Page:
The words “thou” and “thee” are unfamiliar to most of us, except in the context of sacred writ (particularly the King James Bible). Thus many of us think of “thou” as very formal. In some Dostoyevsky novel, I encountered something to the effect of “why did you address me with the familiar thou?”. That got me thinking: is “thou” is an outdated form of familar address, like “tú” compared to “su” in Spanish? Well, more or less, though that distinction may not do it justice in the context of sacred literature.
Etymology Online has a nice little article about the downfall of “thou” and “thee.” In a nutshell, “ye” and “you” are the pluralization of “thou” and “thee”, and people started using them for singular as a sign of respect (in other words, “y’all” would historically have been redudant since “you” was already encompassing of “all”). That respect was eventually brought to everyone, even inferiors, and the singular versions were lost. For some reason the subject version “ye” was merged into the object version “you” so that we do not say “ye are boring me” but rather “you are boring me.” So it seems like the use of “thou” and “thee” in the Bahá‘í writings might give the connotation of some familiarity and personal relationship with God.
It can be difficult to work through these words, so why use them? Today I stumbled across a few Biblical articles that made me revisit that idea of familiarity, perhaps giving a better answer. In a nutshell, the idea is that the difference between singular and plural is actually important — so the antiquated words are used not because of familiarity but rather for accuracy. It signifies the particular compared to the general. Person A addresses a crowd with “ye” and “you” and a particular person in the crowd with “thee” and “thou”. In order to test this hypothesis, I did a little search for something in the writings that contains both forms. Turns out there are many instances! The translators, whose “gold standard” is the work of Shoghi Effendi, had purposefully chosen to use the two forms. Here is a sample, one of many, with the different forms highlighted (also highlighted is “thy”, the possessive of “thou”, thus equivalent to plural “your”)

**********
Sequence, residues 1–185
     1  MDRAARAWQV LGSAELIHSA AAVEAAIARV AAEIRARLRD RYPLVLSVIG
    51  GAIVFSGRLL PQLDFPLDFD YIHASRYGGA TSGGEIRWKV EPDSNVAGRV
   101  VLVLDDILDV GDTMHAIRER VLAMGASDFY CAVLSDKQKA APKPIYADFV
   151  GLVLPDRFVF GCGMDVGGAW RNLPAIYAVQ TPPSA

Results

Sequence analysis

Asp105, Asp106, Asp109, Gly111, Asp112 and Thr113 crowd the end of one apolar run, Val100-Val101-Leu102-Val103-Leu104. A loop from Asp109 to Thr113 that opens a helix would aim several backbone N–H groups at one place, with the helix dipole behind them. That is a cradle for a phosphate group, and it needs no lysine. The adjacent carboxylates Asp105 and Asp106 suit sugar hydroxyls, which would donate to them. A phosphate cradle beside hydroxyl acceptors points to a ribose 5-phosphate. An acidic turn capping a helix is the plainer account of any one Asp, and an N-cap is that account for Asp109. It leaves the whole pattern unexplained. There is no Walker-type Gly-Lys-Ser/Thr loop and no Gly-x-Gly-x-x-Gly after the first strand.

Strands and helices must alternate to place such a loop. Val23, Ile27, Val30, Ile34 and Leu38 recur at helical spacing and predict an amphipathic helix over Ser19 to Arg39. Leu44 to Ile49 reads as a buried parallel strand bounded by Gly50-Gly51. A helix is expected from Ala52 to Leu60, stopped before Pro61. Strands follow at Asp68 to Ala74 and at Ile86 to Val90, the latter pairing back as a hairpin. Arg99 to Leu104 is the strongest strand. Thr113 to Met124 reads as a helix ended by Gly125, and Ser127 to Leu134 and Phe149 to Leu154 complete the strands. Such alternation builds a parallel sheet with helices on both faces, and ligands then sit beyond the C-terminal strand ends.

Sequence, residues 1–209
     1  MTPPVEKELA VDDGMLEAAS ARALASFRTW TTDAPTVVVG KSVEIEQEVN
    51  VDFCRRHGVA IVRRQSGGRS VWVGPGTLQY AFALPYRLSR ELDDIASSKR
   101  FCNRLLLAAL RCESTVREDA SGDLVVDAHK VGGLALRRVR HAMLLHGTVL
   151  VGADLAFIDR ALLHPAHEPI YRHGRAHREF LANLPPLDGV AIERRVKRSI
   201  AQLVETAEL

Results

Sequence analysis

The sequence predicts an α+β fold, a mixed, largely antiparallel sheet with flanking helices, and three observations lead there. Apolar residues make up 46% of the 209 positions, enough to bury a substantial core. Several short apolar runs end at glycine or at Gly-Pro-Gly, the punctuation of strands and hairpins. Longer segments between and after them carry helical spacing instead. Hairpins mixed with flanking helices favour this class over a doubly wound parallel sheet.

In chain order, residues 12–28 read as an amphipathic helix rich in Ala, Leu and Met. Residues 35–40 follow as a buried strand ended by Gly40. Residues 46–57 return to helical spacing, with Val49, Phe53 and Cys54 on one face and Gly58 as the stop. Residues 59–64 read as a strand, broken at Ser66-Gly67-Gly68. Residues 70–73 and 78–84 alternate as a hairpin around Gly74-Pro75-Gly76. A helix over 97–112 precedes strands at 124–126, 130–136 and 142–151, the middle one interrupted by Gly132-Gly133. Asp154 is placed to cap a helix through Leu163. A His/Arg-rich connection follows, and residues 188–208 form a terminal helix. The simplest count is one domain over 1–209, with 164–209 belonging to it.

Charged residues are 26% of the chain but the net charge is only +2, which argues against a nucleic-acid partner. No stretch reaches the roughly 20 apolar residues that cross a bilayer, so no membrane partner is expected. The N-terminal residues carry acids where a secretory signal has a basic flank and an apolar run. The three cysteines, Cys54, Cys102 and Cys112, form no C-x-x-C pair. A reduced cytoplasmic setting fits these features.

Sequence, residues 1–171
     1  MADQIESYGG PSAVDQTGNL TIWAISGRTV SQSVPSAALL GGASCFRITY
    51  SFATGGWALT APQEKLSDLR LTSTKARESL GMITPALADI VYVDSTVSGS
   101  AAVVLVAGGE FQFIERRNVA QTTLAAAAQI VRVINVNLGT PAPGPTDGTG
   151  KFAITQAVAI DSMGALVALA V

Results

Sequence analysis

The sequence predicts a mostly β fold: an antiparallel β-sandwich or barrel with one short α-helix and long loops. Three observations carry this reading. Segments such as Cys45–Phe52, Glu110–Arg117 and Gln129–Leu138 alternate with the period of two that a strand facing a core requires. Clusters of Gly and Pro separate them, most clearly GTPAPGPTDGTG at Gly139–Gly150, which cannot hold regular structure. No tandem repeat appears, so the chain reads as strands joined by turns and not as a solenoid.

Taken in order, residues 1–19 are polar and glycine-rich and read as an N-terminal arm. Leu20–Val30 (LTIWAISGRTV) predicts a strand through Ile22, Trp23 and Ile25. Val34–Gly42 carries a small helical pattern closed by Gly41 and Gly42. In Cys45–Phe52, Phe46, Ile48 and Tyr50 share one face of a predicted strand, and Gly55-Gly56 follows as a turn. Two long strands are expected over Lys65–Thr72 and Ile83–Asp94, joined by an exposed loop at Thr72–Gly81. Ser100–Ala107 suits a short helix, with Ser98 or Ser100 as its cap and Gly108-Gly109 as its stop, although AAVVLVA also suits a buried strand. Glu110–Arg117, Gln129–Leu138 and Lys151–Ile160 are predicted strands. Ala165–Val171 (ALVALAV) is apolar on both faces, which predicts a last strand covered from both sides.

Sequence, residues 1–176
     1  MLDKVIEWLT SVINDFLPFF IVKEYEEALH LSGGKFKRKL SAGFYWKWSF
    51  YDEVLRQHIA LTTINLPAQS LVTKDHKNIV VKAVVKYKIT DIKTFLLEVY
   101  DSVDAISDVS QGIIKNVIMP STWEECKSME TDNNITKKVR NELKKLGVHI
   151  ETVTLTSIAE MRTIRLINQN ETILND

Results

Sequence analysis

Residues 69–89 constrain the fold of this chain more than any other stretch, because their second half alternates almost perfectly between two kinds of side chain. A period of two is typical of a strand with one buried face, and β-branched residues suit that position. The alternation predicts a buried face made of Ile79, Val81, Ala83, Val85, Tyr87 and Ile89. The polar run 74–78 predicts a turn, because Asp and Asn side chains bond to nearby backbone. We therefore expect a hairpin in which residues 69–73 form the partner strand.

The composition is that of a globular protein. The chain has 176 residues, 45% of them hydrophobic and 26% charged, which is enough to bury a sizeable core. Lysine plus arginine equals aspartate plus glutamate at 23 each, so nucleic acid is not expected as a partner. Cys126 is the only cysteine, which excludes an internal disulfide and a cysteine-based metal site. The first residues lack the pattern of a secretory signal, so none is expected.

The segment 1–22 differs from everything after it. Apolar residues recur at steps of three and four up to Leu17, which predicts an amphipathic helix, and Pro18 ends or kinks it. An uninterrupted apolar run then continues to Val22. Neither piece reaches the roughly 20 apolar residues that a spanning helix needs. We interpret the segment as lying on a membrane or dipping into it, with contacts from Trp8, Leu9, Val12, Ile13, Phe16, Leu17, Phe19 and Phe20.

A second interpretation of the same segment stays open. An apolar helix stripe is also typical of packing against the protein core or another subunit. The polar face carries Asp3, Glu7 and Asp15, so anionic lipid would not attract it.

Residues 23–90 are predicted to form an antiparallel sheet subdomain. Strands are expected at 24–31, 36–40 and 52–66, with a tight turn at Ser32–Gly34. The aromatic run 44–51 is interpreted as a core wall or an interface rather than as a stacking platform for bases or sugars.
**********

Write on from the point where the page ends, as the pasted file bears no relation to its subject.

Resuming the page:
“O King of Paris! Tell the priests to ring the bells no longer. By God, the True One! The Most Mighty Bell hath appeared in the form of Him Who is the Most Great Name, and the fingers of the Will of Thy Lord, the Most Exalted, the Most High, toll it out in the heaven of Immortality in His name, the All-Glorious. Thus have the mighty verses of Thy Lord been again sent down unto thee, that thou mayest arise to remember God, the Creator of earth and heaven, in these days when all the tribes of the earth have mourned, and the foundations of the cities have trembled, and the dust of irreligion hath enwrapped all men, except such as God, the All-Knowing, the All-Wise, was pleased to spare. Say: He Who is the Unconstrained is come, in the clouds of light, that He may quicken the world with the breezes of His name, the Most Merciful, and unify its peoples, and gather all men around this Table which hath been sent down from heaven. Beware that ye deny not the favour of God after it hath been sent down unto you. Better is this for you than that which ye possess; for that which is yours perisheth, whilst that which is with God endureth. He, in truth, ordaineth what He pleaseth. Verily, the breezes of forgiveness have been wafted from the direction of your Lord, the God of Mercy; whoso turneth thereunto shall be cleansed of his sins, and of all pain and sickness. Happy the man that hath turned towards them, and woe betide him that hath turned aside.”
Bahá‘u’lláh, Summons of the Lord of Hosts, p67.
So let’s compare the two perspectives. Thinking strictly of familiarity, I don’t understand why there is a sudden switch from thee to ye and thou to you in the middle of this passage. But thinking in terms of singular vs. plural, it suddenly makes a great deal of sense. At the beginning of the passage, Napoleon III is being addressed, in particular. Not in general, but directly addressing Napoleon. Therefore “thy”, “thee”, and “thou” show up. But in the second half, after the command “say,” we have a shift to the plural. This shift then signifies that Bahá‘u’lláh is no longer directly addressing Napoleon, but addressing everyone.
Is this an accurate reading? I have no evidence to suggest this interpretation is correct. However, it does seem to shed a new and important light on the passage. If any readers know of anything to support or condemn this understanding, please share it with the rest of us.
Posted with : Book reviews and commentaries, On the Subject of Religion